As mentioned in our press release for the second quarter, we expect earnings per diluted share of $1.12 to $1.14 and sales growth, excluding the impact of foreign currency, of approximately 4%. At current foreign exchange rates, foreign currency may have a modest negative impact on sales growth in the quarter. Thanks, and now let me open up the call for Q&A.

Question-and-Answer Session

Operator

[Operator Instructions] I would like to remind participants that this call is being recorded and a digital replay will be available on the Baxter International website for 30 days at www.baxter.com. Our first question comes from David Lewis of Morgan Stanley.

David R. Lewis - Morgan Stanley, Research Division

Maybe a couple of quick questions on the model, then maybe more of a strategic question. I guess a couple quick nits on the model. Spec pharm, you talked about a slight change of guidance for the year. I wondered, does that reflect more just the utilization environment you're seeing here in the first quarter or any change to what you're thinking about the timing of generics in the back half of the year? And the second financial question was non-op guidance is roughly equivalent to what you guided for a few quarters -- or sorry, a few months ago, but a very strong non-op quarter, this particular quarter. Maybe you could just walk through some of those dynamics, and then one follow-up.

Robert J. Hombach

Okay.

Robert L. Parkinson

Bob, go ahead.

Robert J. Hombach

Yes. I think, David, your comments about softer surgical procedures are really what drove -- but there's no change in our expectation about the potential for generic competition later this year in this space, so no change there. And as it relates to the non-op items, as I mentioned in my prepared comments, 2 real drivers there: one, foreign exchange; the other one, sale of an intangible asset. And so the FX item really related to some volatility around the euro in the first quarter. As you know, the euro traded anywhere from $1.37 to $1.27 during the course of the quarter, and given our balance sheet positions and the quarters and the months in which it was most volatile, we had a pretty significant outcome there. But as I mentioned in my prepared comments, we also took some costs into -- in the margin that we hadn't expected for this quarter. We expect it later in the year of approximately $20 million. And so as I look at the overall picture, those 2 kind of offset.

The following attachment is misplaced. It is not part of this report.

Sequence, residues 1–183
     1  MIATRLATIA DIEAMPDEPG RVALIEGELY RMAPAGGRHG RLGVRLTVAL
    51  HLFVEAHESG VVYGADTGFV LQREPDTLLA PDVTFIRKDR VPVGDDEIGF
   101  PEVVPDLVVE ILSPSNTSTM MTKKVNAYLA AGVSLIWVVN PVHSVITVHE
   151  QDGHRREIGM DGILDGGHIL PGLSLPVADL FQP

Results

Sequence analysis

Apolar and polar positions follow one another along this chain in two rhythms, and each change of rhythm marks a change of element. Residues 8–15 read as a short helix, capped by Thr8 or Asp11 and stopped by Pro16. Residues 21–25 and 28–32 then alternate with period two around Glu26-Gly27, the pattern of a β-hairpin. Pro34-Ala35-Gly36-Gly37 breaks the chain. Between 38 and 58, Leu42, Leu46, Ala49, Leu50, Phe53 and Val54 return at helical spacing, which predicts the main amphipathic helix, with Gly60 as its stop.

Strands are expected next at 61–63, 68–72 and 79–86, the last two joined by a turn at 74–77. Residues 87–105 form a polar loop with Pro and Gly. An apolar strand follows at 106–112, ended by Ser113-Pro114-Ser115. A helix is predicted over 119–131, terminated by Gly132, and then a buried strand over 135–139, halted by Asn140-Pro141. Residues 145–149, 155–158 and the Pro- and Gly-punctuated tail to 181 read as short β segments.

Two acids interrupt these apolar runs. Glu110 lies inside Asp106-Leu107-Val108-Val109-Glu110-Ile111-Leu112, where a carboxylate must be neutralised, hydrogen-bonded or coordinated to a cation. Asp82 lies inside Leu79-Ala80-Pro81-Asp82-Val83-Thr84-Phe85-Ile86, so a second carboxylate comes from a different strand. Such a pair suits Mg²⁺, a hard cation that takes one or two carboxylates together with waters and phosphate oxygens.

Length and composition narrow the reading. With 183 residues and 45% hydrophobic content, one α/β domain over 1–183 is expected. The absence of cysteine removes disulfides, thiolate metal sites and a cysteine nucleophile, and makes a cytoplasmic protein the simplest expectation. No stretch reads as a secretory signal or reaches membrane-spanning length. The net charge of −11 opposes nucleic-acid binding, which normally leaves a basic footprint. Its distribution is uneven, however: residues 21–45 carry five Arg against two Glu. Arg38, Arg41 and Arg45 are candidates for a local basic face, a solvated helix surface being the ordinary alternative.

David R. Lewis - Morgan Stanley, Research Division

Okay. Then maybe 2 strategic questions for Bob. I guess interesting competitive chatter at some recent conferences, Bob, I wondered if you could comment. The first is surrounding Glendale and the progress. There is some discussion that perhaps Baxter's behind in their process at Glendale and the refurbishment. Maybe help us understand where you think you are as it relates to Glendale and capacity at the back half of the year. And then hemophilia competition, which is obviously coming next year, another strong hemophilia quarter for Baxter at this particular quarter. Maybe talk just a little about what you're seeing on the strength of PK dosing and the larger 4,000-unit dose and how you expect that to trend this year.

Robert L. Parkinson